Having taken a well deserved break after the conclusion of NaBloPoMo, I recently discovered that Holidailies is taking place in December. This is apparently another post-every-day contest, but one that’s a little more elaborate and established. Since the deadline for entry is the eighth, I would have joined if I hadn’t taken a break. C’est la vie.
This Sunday, I was at a birthday party, where I encountered Rich . The conversation turned to the Wii (which, barring an act of Santa, I’ll start shopping for in January) and then to video games in general. What sorts of games do I play? I couldn’t formulate an answer quickly enough and the conversation turned to other topics.
However, I’ll share my belated answer with you, my dear readers. Although I do like a good simulation or strategy game, such as Sim City, Caesar II, or Warcraft, I also enjoy a good puzzle game, such as Tetris or, um… that one with the pipes, or… eh. Maybe I’m not that much into puzzlers after all. I also enjoy adventures, like Robot Odyssey and Metroid. Some people would classify Metroid as more of an action game, because of its shoot-em-up nature, but to me, its focus on exploration and the surmounting of obstacles, places it squarely in adventure country.
Do I like Role-Playing Games, then? Yes and no. Yes, I enjoy having a sense of plot (and when it twists, all the better.) I enjoy interacting with characters that are more than just caricatures. But no, I don’t enjoy being all but required to perform obsessive-compulsive side-tasks in order to gain the equipment and power that is all but necessary to complete the game. For example, I enjoyed everything about Baldur’s Gate and Final Fantasy IX until I reached the end of each game and was just too weak to continue.
Do I like action games? Yes and no. I do not like spawn-and-die first person shooters. As I’ve said before, in a test of reflexes between myself and the computer, the computer will probably win. Playing such a game in single-player mode thus does not appeal to me. And that makes playing in multiplayer mode less than thrilling, as the more experienced players usually pick me off before I have time even to figure out where they are. Hence "spawn-and-die."
One of my favorite action games was True Crime: Streets of LA, which was actually three action games in one. You play a plainclothes detective. If you get into a car, it becomes a racing game as you try and chase down bank robbers and carjackers. Say you run the bankrobber’s car off the road? Both he and you can get out of your cars and continue the chase on foot, or you can whip out your pistol and make the game into a shoot out. Or if you’ve lost your gun, you can continue in the format of a kung-fu fighting game.
What made TCSLA interesting to me was that you could play Good Cop or Bad Cop. That is, you could commandeer vehicles, search and attack random pedestrians, et cetera, but eventually SWAT would come after you. Compare this to City of Villains, in which pedestrians are for some reason off limits. I could see having them be zero-level peons, not worth the effort, but untouchable? That hardly makes sense.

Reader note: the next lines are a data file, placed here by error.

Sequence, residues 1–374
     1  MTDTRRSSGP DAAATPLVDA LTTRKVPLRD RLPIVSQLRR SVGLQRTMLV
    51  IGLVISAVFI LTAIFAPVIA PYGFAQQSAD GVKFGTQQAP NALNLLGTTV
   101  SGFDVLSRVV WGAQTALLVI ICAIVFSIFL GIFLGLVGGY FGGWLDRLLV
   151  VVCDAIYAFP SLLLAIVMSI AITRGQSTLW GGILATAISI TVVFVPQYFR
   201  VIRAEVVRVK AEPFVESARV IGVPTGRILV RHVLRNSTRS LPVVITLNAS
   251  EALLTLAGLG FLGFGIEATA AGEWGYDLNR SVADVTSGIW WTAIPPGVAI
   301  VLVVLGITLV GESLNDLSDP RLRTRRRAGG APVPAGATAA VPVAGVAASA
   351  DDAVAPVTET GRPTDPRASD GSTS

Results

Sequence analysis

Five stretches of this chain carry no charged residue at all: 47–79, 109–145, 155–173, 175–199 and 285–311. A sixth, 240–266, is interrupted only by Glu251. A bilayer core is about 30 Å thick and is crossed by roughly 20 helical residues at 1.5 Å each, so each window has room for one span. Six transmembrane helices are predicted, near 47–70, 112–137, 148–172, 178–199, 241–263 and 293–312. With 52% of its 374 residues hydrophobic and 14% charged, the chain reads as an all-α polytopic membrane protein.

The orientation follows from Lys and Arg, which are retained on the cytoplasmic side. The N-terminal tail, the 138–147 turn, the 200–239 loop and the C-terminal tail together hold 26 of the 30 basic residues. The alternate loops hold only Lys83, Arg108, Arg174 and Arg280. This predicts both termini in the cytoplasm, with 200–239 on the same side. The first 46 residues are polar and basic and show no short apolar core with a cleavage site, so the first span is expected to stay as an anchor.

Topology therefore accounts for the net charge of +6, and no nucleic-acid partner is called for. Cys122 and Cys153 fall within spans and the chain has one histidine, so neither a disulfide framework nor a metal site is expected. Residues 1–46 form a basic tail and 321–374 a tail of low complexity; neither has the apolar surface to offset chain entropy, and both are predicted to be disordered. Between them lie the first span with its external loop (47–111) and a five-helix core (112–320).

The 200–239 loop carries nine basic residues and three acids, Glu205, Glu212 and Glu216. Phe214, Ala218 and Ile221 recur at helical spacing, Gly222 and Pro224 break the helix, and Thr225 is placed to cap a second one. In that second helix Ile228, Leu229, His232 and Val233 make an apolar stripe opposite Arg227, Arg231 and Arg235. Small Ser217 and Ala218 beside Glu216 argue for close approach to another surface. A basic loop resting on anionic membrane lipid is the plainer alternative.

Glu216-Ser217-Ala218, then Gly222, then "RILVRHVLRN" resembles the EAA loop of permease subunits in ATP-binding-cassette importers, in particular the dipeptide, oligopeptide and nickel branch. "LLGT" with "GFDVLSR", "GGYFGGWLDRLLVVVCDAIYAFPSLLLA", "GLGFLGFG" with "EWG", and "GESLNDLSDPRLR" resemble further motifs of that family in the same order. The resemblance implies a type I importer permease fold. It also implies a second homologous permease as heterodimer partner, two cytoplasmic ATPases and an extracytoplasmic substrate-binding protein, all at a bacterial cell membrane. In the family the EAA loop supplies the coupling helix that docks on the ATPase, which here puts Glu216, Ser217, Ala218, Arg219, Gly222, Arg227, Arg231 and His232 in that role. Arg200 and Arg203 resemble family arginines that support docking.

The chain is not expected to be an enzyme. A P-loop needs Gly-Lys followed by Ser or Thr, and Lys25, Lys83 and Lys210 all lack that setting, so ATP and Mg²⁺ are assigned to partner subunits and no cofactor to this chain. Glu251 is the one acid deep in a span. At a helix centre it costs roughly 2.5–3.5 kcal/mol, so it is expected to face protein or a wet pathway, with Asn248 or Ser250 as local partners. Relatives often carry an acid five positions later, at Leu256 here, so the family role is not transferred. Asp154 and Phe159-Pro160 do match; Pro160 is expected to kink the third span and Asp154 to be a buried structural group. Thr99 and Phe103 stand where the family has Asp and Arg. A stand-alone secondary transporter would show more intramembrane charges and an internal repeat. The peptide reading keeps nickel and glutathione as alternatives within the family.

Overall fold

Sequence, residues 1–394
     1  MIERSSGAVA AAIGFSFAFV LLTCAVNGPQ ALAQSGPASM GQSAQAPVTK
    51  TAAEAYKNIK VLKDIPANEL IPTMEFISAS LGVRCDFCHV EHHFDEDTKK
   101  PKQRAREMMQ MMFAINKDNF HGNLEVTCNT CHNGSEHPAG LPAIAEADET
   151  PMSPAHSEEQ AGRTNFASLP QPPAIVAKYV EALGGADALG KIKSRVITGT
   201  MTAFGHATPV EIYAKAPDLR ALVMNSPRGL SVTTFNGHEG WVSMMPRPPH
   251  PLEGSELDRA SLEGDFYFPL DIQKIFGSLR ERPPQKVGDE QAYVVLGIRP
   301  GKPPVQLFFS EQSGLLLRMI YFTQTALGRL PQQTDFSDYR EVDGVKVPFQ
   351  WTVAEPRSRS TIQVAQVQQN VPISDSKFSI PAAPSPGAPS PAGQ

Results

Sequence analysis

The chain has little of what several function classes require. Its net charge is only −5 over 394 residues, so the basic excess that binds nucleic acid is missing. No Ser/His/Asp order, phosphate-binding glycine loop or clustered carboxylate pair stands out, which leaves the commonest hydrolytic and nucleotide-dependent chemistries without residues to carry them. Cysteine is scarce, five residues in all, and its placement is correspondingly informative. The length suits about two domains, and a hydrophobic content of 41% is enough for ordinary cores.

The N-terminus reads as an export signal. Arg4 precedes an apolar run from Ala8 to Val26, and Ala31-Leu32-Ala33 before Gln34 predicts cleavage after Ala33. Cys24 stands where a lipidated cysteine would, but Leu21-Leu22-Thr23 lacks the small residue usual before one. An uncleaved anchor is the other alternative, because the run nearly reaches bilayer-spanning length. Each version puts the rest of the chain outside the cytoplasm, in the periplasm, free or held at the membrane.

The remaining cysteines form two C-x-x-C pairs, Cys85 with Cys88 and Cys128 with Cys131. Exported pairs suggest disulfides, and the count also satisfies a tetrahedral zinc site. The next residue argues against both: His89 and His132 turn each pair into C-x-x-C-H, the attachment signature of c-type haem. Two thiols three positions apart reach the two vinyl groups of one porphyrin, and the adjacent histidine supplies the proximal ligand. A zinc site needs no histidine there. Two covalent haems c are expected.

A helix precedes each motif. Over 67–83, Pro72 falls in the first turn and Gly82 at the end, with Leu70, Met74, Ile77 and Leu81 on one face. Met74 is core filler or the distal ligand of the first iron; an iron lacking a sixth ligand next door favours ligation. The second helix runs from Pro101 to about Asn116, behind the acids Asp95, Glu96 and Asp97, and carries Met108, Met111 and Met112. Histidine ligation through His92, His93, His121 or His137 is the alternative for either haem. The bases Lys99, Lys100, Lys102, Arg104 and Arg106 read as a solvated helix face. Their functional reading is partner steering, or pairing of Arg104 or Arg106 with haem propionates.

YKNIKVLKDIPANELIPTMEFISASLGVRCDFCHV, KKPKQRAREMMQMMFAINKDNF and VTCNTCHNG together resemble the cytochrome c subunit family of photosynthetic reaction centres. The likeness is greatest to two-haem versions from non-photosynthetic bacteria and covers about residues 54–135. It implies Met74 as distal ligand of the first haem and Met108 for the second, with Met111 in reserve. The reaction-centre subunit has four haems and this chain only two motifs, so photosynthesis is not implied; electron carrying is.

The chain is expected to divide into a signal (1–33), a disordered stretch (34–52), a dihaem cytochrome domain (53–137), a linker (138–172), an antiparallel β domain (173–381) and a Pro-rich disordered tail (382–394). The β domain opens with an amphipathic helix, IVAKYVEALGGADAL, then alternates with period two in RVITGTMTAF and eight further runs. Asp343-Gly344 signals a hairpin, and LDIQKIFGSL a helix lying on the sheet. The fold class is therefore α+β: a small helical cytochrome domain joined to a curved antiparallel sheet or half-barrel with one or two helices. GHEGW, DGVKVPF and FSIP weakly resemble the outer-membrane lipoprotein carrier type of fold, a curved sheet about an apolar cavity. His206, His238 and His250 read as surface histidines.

Anyway, another of my favorite action games was R.A.D. It was basically a massive 3-D fighting game that went like this. First, a huge robot falls from the sky. Everyone then acts all surprised, although it’s been raining robots for the past week. Another huge robot then rises from the ground. You, the high school aged chairman of a corporation, fly yourself to a rooftop to get a better view of the first robot and then you take remote control of the second. The robots, despite interruptions by newscasters, mad scientists, and Japanese schoolgirls, proceed to beat the stuffing out of one another until one of them explodes.
Why did I like this game? Why, besides the giant robots? Well, the robots behaved much as you’d expect a colossal metal machine to. They were clumsy and slow, and the street shook when they walked. They could step on pedestrians, kick over elevated railways, punch down buildings, pick up and throw vehicles, and nobody, except for the newscaster, even seemed to care. Well, there was one schoolgirl who would get a bit upset if you destroyed her place of employment. But if a stray missile hits the high school? Whatever! Your giant tank runs over dozens of fleeing NPCs? Well, they should watch where you’re going!
I also liked the game’s sense of scale. There were nice uses of heat shimmer and simulated telephoto lenses to convey distance. The buildings felt building-sized, probably because you saw them only from a human-sized perspective.
So my ideal action game would be a combination of the previous two games, with perhaps a few door missions thrown in to give it some sense of plot. And they should call it "The Negotiator."
Which Big O character are you?